Monday, February 23, 2009

Advice from the Thugs to the Treasury Secretary Geithner

This is the best part:

The unanimous opinion among The Thugz was that you must base your work around a time-tested law of ghetto capitalism: losers must die in full view. What? This doesn’t make sense. O.K., well, let me explain. Your first mistake (more accurately, your predecessor’s error) was to mix the bad apples (banks) with the good (banks).

By doing so, you forgot what makes capitalism so much fun: winners win at the losers’ expense, and everyone gets to watch and laugh. Sort of like public hangings, except reported on the financial pages. Otherwise, why read The Wall Street Journal? (my emphasisi in bold)

Bottom Line:

The moral is: don’t ever take the joy of death away from the public. Because if you don’t see losers in pain, you begin to think the game is rigged.

Read the whole thing here.

Friday, February 20, 2009

Books I Have Been Reading

1. Animal Spirits by Yale's Bob Shiller and Nobel Laurate George Akerlof.

2. The Science of Fear by Daniel Gardner. I am more and more interested in the behavioral aspects of economics, though I do not necessarily suscribe to their policy prescriptions.

3. Bernanke's Test by the same guy who wrote a book on Chicago School of Economics.

Clash of Economic Ideas

For those who are interested in the debate of the 1930s on the potency of different economic policies in fending of economic downturn, which of course is relevant to the current debate on how to react to the current economic crisis, Austrian economist Larry White at U of Missouri St. Louis, is in the process of writing a book on the topic.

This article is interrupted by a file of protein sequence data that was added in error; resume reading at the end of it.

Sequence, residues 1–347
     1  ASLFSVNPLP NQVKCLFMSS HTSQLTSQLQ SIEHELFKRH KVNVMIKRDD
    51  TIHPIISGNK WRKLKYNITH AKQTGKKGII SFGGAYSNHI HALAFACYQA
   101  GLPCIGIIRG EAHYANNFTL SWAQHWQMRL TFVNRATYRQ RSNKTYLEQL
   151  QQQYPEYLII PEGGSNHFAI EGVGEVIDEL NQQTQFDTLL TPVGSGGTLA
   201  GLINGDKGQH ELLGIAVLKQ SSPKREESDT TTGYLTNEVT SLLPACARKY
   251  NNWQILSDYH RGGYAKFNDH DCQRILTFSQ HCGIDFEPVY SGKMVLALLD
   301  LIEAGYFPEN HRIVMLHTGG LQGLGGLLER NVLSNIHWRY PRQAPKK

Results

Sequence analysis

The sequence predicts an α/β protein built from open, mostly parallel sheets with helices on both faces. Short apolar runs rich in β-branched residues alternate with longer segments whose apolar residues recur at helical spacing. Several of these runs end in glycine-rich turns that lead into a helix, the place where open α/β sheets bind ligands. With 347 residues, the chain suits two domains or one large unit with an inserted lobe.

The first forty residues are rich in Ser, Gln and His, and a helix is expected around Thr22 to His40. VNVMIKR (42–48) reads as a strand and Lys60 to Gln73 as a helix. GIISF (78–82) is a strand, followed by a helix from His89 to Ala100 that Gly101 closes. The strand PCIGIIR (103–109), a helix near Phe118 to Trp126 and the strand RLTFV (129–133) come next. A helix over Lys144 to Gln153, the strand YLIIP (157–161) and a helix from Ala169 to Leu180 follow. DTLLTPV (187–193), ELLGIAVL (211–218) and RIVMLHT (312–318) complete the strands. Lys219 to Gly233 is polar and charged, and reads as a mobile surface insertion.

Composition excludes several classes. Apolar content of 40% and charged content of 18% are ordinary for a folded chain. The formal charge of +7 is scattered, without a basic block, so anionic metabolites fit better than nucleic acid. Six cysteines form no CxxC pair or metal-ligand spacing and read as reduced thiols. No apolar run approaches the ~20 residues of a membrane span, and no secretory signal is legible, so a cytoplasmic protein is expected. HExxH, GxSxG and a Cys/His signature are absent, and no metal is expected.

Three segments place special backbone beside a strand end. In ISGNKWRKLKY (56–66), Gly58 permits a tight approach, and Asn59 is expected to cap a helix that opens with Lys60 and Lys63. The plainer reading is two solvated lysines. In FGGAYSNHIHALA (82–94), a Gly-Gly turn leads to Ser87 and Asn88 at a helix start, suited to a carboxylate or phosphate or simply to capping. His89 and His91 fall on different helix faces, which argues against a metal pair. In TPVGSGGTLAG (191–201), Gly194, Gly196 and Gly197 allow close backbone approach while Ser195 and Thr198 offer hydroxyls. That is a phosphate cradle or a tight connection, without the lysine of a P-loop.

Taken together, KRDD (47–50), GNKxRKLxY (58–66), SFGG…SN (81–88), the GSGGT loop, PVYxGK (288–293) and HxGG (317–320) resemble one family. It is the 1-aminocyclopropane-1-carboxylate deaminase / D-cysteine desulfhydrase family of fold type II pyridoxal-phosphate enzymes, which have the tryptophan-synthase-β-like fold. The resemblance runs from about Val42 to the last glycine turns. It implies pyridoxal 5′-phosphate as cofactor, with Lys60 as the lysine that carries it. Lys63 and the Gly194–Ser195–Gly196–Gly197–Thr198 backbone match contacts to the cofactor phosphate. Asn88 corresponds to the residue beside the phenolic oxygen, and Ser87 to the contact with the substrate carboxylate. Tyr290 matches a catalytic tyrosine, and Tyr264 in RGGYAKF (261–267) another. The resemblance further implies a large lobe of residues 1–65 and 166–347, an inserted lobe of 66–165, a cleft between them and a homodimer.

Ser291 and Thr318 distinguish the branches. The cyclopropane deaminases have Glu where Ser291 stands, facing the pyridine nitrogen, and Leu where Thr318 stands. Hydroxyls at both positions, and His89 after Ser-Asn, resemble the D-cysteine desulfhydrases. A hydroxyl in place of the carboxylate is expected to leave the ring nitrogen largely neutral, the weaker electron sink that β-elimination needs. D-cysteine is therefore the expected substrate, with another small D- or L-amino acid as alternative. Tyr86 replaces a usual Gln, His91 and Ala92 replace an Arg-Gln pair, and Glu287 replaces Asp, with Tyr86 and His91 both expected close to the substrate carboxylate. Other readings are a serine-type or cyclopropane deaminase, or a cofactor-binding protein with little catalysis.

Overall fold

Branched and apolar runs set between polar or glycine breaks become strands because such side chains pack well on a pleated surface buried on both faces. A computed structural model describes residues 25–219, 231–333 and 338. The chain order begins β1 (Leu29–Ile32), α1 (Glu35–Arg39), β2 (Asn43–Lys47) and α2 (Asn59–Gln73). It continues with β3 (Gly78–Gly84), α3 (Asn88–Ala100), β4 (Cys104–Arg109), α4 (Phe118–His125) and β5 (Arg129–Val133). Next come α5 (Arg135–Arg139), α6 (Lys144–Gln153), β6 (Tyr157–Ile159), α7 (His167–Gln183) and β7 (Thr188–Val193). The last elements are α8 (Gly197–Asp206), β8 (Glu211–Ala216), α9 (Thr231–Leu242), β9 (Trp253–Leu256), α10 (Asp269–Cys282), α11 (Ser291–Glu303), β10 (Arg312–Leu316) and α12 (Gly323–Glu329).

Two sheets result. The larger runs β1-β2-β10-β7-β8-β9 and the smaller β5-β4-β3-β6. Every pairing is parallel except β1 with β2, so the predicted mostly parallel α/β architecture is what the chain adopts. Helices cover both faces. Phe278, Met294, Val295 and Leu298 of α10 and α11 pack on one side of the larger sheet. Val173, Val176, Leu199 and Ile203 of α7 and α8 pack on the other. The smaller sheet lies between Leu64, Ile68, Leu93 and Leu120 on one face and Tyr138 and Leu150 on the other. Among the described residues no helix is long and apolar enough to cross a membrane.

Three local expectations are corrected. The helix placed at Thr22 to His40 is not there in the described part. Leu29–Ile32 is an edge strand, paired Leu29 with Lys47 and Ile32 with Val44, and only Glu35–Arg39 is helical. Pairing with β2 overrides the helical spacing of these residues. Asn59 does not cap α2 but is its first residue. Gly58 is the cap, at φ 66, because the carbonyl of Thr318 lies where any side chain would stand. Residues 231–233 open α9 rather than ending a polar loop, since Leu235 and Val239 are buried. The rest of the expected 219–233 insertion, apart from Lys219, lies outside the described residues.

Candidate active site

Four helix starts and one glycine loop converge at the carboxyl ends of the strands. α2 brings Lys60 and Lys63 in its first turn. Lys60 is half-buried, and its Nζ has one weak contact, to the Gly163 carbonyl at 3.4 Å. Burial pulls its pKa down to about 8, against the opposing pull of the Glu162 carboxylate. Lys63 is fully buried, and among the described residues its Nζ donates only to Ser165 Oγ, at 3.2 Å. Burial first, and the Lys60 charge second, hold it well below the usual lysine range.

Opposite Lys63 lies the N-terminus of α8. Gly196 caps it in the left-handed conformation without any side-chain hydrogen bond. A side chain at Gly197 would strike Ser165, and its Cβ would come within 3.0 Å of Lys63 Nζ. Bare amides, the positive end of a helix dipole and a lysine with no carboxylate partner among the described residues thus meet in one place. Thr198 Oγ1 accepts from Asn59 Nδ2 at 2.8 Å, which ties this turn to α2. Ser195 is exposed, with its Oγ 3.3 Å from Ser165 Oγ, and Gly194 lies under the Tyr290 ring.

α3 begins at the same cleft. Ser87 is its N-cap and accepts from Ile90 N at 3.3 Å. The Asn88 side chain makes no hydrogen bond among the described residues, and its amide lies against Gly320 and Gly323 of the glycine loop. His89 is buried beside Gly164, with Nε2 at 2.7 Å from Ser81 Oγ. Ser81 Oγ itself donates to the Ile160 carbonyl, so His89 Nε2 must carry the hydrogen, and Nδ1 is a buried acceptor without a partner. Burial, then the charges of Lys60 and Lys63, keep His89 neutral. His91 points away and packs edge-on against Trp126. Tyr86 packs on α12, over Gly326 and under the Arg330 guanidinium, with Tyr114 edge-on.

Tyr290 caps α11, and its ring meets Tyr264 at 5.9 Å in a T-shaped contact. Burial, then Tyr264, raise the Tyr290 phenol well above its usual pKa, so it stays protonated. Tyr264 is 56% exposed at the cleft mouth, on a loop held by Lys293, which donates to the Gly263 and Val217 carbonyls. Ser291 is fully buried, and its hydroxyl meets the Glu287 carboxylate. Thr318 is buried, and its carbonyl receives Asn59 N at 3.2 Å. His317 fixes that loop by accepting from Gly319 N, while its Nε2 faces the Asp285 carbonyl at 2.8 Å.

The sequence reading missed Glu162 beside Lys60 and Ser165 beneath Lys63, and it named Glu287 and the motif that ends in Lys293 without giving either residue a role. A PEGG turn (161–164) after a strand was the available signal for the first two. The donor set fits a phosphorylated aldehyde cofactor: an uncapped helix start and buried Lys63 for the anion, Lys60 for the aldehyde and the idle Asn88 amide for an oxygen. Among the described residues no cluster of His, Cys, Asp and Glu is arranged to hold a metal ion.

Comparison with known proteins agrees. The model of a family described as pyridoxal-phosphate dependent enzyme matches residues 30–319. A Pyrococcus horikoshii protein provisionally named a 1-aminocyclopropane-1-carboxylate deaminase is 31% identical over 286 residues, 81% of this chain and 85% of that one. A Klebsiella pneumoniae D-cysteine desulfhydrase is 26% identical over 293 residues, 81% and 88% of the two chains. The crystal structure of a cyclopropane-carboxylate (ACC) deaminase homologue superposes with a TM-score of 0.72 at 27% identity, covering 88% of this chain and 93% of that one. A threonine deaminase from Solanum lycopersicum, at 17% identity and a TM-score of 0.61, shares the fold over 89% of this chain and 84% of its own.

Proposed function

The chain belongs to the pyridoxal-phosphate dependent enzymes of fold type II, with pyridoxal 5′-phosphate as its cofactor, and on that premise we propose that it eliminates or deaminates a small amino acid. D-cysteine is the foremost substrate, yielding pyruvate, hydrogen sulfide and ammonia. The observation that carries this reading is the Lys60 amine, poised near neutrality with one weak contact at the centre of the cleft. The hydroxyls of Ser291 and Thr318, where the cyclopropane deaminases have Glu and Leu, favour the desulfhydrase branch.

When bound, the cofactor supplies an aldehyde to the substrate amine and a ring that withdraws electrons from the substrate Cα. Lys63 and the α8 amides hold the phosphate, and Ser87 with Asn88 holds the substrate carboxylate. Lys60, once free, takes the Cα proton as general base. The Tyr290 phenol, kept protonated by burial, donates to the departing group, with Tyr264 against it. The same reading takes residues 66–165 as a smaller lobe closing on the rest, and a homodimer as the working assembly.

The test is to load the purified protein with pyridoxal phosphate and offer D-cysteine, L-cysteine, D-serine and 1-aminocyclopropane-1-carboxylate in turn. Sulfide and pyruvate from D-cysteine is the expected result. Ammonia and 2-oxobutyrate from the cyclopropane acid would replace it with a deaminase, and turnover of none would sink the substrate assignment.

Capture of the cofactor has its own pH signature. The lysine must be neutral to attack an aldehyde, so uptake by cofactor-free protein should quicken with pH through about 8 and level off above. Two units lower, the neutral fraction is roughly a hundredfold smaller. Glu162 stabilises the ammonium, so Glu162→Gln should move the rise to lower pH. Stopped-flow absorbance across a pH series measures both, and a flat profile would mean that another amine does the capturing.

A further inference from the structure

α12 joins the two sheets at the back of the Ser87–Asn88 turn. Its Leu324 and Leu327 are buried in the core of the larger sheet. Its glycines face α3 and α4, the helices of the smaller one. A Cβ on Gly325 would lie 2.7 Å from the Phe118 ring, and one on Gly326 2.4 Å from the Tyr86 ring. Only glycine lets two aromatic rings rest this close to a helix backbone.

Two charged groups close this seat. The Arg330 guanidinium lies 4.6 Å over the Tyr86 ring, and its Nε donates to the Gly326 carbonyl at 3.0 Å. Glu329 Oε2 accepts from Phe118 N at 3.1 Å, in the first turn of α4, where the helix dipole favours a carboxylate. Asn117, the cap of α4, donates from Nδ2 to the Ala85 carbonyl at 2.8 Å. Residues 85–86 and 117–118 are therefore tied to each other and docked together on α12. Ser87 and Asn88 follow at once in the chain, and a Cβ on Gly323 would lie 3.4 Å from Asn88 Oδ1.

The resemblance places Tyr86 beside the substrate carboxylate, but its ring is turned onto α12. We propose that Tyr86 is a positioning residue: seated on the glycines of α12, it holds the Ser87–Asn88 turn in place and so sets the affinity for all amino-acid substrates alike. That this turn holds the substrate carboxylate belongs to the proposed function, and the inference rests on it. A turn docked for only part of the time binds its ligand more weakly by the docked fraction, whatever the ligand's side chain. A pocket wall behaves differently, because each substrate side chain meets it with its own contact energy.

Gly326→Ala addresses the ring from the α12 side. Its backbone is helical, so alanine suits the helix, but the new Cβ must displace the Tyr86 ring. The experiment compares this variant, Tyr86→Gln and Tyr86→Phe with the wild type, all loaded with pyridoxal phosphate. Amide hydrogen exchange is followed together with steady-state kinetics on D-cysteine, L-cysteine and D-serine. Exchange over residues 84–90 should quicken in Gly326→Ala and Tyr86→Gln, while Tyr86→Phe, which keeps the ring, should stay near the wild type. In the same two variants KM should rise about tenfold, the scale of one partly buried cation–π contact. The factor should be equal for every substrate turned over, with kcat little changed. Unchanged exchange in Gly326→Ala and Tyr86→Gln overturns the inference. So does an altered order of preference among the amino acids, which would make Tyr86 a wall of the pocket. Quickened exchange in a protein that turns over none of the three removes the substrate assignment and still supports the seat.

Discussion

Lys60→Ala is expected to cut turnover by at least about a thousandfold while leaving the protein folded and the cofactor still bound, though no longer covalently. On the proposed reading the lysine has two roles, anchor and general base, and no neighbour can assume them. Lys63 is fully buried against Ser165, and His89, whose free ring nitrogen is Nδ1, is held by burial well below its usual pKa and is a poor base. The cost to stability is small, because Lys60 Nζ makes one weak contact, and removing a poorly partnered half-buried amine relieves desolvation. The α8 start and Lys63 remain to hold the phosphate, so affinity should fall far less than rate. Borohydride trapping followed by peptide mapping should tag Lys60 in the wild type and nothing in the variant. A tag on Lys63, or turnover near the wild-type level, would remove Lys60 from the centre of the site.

Here is one of the chapters. (Scroll down the page and you will see it, Larry is presenting the paper at the NYU market process seminar)

Dr Doom

An interview of NYU's Nouriel Roubini, aka Dr Doom, in WSJ, more here.

Here are the best bits:

What exactly is Nouriel Roubini's economic philosophy? "I believe in market economics," he says, with some emphasis. "But to paraphrase Churchill -- who said this about democracy and political regimes -- a market economy might be the worst economic regime available, apart from the alternatives.

"I believe that people react to incentives, that incentives matter, and that prices reflect the way things should be allocated. But I also believe that market economies sometimes have market failures, and when these occur, there's a role for prudential -- not excessive -- regulation of the financial system. The two things that Greenspan got totally wrong were his beliefs that, one, markets self-regulate, and two, that there's no market failure."

How could Mr. Greenspan have been so naïve, I ask, hoping to get a rise. "Well," says Mr. Roubini, "at some level it's good to have a framework to think about the world, in which you emphasize the role of incentives and market economics . . . fair enough! But I think it led to an excessive ideological belief that there are no market failures, and no issues of distortions on incentives. Also, central banks were created to provide financial stability. Greenspan forgot this, and that was a mistake. I think there were ideological blinders, taking Ayn Rand's view of the world to an extreme.